As a secondary school teacher in history, I also faced the strong reaction of students on identity issues, though in a much more relaxed context than today. By the way, when I had to refer to laïcité it was always to ask for the removal of a pendant with a cross, or a hidden ugly – “republicanly speaking” – sweatshirt with an enormous cross drawn on it, which was very fashionable a couple of years ago. If the media are focused only on the Muslim population – according to Olivier Roy “in France, there is not a Muslim community, but a Muslim population” – and the apparently difficult integration of Islam with Western societies, it always makes me smile to compare the supposed habitus of the children of the Muslim migrants from Maghreb with that of the Portuguese community, which through my own family history I know pretty well and which is definitely very well integrated. In both cases, it is the second generation that totally recreates, first, a national and, then, an ethno-religious identity, which the first generation may have never endorsed, claimed or sometimes even heard of. Although, this has nothing to do with the origin of the parents or with religion, this fits in with postmodernism, the reinvention of specific imaginary community bonds and the promotion of a diasporic narrative, but mostly, this is the consequence of an inability to put forward a republican ideal and to make more important what is shared than what divides.

Over the two last decades, numerous reforms to the French educational system, reforms of secondary school teachers’ training and their selection, and the development of insidious discourses, generated first by former governments, undermining the authority of scholars and teachers, are partially responsible for the difficulty in promote laïcité in schools and making it respected. If the problem of French persons shooting at other French persons, apparently for religious reasons, cannot be fixed without deep socio-economic reforms, it is essential to create the conditions for reaffirming this civic ideal. What people on the street said on Sunday 11th was also that our democracy somehow needs a stronger Republic. And France is not an isolated case. Celebrating the 20th anniversary of German reunification, the former federal president, Christian Wulff, explained that political unification has to entail social unification:  “Islam gehört zu Deutschland” (Islam belongs to Germany), he said. This is a principle that Angela Merkel reaffirmed recently. This is more broadly true for the whole of European history, a fact that historians have emphasized almost for a decade.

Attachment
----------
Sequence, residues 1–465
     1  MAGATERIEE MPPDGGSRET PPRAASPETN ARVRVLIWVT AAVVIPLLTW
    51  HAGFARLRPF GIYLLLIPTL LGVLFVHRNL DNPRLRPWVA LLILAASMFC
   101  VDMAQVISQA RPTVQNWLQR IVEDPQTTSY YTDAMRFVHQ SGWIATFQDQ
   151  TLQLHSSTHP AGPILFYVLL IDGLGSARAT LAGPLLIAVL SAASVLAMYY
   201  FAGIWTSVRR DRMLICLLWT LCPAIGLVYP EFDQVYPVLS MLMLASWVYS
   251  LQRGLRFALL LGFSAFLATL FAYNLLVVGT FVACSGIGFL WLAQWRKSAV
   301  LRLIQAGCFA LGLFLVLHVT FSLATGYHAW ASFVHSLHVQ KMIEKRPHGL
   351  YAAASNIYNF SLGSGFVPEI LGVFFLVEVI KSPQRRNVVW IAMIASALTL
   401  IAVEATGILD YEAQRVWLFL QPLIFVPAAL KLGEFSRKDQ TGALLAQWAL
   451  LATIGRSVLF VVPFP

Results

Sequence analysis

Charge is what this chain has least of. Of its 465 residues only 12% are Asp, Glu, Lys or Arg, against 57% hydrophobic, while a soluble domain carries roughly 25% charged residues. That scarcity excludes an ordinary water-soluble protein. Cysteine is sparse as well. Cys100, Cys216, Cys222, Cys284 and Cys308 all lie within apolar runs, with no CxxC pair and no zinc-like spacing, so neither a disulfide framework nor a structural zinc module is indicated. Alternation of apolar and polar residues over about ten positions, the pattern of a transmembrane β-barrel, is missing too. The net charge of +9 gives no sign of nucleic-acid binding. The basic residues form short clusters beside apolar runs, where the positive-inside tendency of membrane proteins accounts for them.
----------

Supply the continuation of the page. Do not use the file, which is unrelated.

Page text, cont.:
To be clear, I consider Islam as humanism that is definitely compatible with laïcité, not because I philosophically think it but because for decades, if not centuries, French Muslims have been demonstrating this. Islam is not the point, Islam is not even a point but a social fact. Moreover, it is urgent that we come back to the true definition of words. Jihad is a deep and respectable cause; this is before everything the struggle between a Muslim and evil temptations, so that he lives his life in accordance with Mahomet’s teaching, i. e. with faith, devotion, compassion, tolerance and pity. A man who runs the jihad is not a “jihadist” but a mujahidin and the true mujahidin was Lassana Bathily, a Muslim Malian illegal immigrant, who works in the Hyper Cacher in Vincennes and risked his life to save four Jews. Another was Ahmed Merabet, a policeman who died protecting a magazine, whose stated ideas he didn’t necessarily share. Rehabilitating these terms is the first step to reaffirming the place of Islam in Western societies and, of course, its entire place in the French laic system.

(*) The MWPBlog is a platform for MW Fellows to address scholarly topics and comment on current affairs. The thoughts expressed in the posts represent solely the views of the posting Fellows and not of the Max Weber Programme